Friday, July 29, 2011

The Top 30 Hardest NES Games Ever. Day 29

Starship Hector

That's right.  From out of nowhere, harder than Battletoads, Gauntlet and Silver Surfer (way harder than Silver Surfer) comes Starship Hector, a game you may not have even heard of before, but a game that is absolutely brutally hard.

Our list thus far has been a good blend of action/adventure games (including platformers), puzzle games, and, of course the scrolling shooter.  There are no two ways about it, scrolling shooter games are tough.  They feature lots of enemies attacking from many directions, many obstacles to avoid, and fast paced action that puts your reflexes to the test.  Starship Hector is a game that exemplifies the form and demonstrates just how difficult the scrolling shooter can be.

A hidden gem in the vast, offbeat, and incredibly diverse Hudson library, Starship Hector doesn't really offer us anything new in the genre, but it shines a bright light on many of the smart things about scrolling shooters.  For starters, the game features dual level battle.  You will face foes both in the air and on the ground and you must attack each with a different weapon.  Again, not new, we've seen this in games like Fantasy Zone, AD&D Dragonstrike, and Super Cobra.  But in SH it is done in a way that makes the game viciously difficult.   There are times when 85% of the attacks are coming from the ground.  Then, from out of nowhere an aerial bombardment begins, or a killer mini-boss pops up and wipes you out.  SH comes at you from both levels full tilt and right from the very beginning of the game.  There is no learning curve in Starship Hector, you just have to be good, immediately.  And just hitting A and B at the same time doesn't cut it, smart guy. The enemies in this game take multiple hits to kill, so a blanket strategy will not yield you many kills.  You'll have to make tough decisions about which targets are priority and which are less deadly.  And you will have plenty of targets to choose from.  Starship Hector has no shortage on enemies.  There are times when the screen is filled with land and air targets.  You will be wishing for the slow, plodding, methodical enemies of Silver Surfer.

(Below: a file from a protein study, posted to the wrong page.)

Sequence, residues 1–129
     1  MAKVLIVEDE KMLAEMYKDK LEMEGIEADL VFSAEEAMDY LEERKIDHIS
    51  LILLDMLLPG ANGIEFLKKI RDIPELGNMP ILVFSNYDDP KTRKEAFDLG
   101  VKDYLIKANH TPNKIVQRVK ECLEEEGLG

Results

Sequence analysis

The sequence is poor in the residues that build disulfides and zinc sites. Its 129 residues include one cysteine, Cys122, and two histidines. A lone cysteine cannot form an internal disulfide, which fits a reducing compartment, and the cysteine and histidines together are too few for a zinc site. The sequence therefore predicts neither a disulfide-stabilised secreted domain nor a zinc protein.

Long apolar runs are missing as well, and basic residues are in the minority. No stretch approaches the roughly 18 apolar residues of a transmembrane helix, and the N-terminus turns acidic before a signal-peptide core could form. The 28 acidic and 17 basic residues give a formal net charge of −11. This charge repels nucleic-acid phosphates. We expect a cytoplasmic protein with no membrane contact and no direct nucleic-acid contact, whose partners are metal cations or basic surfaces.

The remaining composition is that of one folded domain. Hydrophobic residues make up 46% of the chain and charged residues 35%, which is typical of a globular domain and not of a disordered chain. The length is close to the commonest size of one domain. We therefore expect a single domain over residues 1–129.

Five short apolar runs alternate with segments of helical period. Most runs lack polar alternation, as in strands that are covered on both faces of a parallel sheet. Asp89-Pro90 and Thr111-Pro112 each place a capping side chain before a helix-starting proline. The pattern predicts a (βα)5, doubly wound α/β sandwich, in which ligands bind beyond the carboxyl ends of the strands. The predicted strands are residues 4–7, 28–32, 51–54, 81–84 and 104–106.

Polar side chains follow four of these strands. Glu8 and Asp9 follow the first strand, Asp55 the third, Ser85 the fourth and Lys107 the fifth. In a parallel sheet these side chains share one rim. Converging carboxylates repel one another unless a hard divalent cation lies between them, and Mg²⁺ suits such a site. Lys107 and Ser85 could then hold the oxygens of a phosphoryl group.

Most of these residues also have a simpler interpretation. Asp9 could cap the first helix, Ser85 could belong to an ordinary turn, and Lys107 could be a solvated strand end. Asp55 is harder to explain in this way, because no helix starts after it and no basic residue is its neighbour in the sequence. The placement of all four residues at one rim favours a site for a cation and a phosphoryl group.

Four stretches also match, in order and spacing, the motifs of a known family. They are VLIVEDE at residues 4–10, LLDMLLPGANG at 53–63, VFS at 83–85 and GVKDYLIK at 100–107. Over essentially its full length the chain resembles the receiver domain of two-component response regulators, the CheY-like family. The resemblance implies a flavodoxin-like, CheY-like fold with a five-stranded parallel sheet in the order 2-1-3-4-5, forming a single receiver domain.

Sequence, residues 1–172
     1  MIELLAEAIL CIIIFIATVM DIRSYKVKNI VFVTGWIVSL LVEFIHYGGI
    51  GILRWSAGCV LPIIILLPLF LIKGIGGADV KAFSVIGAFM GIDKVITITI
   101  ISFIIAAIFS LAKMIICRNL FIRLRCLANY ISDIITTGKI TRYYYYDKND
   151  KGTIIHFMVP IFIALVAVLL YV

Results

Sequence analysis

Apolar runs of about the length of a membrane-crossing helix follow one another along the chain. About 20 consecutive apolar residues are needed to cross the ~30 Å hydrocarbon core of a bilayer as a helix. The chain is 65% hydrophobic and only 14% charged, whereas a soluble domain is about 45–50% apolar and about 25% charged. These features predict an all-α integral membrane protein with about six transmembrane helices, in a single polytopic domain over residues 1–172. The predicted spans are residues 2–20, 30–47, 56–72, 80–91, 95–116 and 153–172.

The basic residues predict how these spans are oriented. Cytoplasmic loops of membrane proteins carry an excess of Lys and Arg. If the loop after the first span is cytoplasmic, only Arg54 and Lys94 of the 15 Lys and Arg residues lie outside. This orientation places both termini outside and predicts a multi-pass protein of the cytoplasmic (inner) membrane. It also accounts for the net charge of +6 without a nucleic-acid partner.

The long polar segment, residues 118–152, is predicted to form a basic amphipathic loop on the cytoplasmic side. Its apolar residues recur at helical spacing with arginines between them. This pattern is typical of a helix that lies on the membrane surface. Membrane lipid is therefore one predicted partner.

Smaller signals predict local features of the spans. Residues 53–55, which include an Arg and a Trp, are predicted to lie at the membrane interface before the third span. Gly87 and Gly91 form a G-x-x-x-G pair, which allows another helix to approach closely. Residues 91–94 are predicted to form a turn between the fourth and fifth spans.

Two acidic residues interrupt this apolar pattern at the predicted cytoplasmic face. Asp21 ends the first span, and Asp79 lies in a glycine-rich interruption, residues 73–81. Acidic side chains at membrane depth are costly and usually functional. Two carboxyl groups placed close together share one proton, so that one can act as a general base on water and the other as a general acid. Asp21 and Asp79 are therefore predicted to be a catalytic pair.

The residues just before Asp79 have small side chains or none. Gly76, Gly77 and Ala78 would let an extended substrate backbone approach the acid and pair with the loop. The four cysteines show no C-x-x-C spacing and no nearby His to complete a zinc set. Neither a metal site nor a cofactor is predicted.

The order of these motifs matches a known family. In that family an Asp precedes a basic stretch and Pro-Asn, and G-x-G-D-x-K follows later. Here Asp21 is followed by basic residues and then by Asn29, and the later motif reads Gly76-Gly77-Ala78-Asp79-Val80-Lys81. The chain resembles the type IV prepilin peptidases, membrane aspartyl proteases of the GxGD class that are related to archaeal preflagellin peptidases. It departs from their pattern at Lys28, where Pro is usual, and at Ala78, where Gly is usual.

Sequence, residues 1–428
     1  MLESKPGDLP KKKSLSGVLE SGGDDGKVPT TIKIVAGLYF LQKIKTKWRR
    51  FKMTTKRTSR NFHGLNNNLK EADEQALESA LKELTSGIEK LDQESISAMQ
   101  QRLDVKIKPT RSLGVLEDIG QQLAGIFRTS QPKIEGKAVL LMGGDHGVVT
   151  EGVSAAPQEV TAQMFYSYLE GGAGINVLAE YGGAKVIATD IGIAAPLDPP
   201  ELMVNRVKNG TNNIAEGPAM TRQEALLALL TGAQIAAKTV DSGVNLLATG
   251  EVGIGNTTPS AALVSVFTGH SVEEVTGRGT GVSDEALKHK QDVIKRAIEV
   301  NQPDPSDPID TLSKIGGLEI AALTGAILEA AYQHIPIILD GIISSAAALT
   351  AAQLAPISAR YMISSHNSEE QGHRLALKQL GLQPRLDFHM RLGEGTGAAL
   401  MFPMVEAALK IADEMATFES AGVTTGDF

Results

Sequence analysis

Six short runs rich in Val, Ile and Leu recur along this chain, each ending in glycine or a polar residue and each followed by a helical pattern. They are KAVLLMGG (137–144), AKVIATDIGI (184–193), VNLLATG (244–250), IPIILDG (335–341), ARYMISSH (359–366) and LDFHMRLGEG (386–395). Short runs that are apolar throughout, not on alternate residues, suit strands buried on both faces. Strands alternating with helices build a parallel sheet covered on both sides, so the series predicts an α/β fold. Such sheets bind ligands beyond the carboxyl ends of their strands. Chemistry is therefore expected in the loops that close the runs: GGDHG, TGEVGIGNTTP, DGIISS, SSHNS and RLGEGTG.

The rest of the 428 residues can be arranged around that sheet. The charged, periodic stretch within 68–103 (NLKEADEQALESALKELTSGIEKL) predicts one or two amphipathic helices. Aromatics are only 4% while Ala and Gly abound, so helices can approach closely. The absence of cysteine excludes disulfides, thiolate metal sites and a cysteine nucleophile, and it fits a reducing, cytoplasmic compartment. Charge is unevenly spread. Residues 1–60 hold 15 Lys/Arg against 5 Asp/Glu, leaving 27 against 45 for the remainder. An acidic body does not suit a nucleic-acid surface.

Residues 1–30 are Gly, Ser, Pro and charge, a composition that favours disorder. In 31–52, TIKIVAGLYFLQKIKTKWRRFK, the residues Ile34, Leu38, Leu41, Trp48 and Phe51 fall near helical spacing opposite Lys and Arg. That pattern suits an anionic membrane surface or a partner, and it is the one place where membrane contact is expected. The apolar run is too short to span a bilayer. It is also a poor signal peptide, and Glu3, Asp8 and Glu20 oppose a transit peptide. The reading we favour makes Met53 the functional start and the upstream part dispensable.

Starship Hector also features vertical and horizontal scrolling much like in Legendary Wings.  But unlike many games with this aspect, SH demonstrates mastery of both styles.  You will not get a break when the direction of the scroll changes like you will in some games which have a clear bias toward one style or the other.  SH beats you both ways and smiles while it happens.  (I would love to give you a screenshot of this, but in going back and trying to get screenshots I was not able to clear level 1, and I played for about 30 mins.)

Bomb the statue, or kill the two squid things?
There are some other really nice things in Starship Hector that make it a lot of fun, even if it is repeatedly kicking your ass.  Some of the larger ground targets are usually remotely controlled by a hidden panel.  If you can find and destroy the panel, all of the targets will self-destruct.  That may not sound like much, but it is a nice little bit of attention to a logical detail.  There are also bizarre statues on the ground that, if bombed repeatedly, will replenish your ship's power to help you stay alive.  The trick is having enough time to give the statue proper attention without being wiped out by the relentless waves of enemies.  Likewise, there are hidden bonus panels on the land as well that spell out HECTOR when you shoot them.  Oh, if only you had time for such silly side tasks...

But Starship Hector will not give you that time.  It will beat you down, over and over, with endless waves of enemies great in number and power.  And even though you have a hit point meter, some enemies hit so hard, and others so often, that having a lot of HP will not really save your ass during a thick spot.  Your only hope is to learn the levels inside and out and hone your reflexes until you are like a cat who is also a ninja.
Told you.

In five hours, I did make it to level 3 a couple of times, but it was not easy and I didn't last long.  Starship Hector features six levels.  While I cannot see a huge increase in difficulty from level to level, if the remaining levels are as hard as levels 1 and 2, then this game might be impossible to beat.  Oh, someone out there can probably beat it, as with any game, but Starship Hector is not for the feint of heart.  Of the 29 games I played for this project, it is second only to our final game, to be announced tomorrow.  Can you stand it?

No comments:

Post a Comment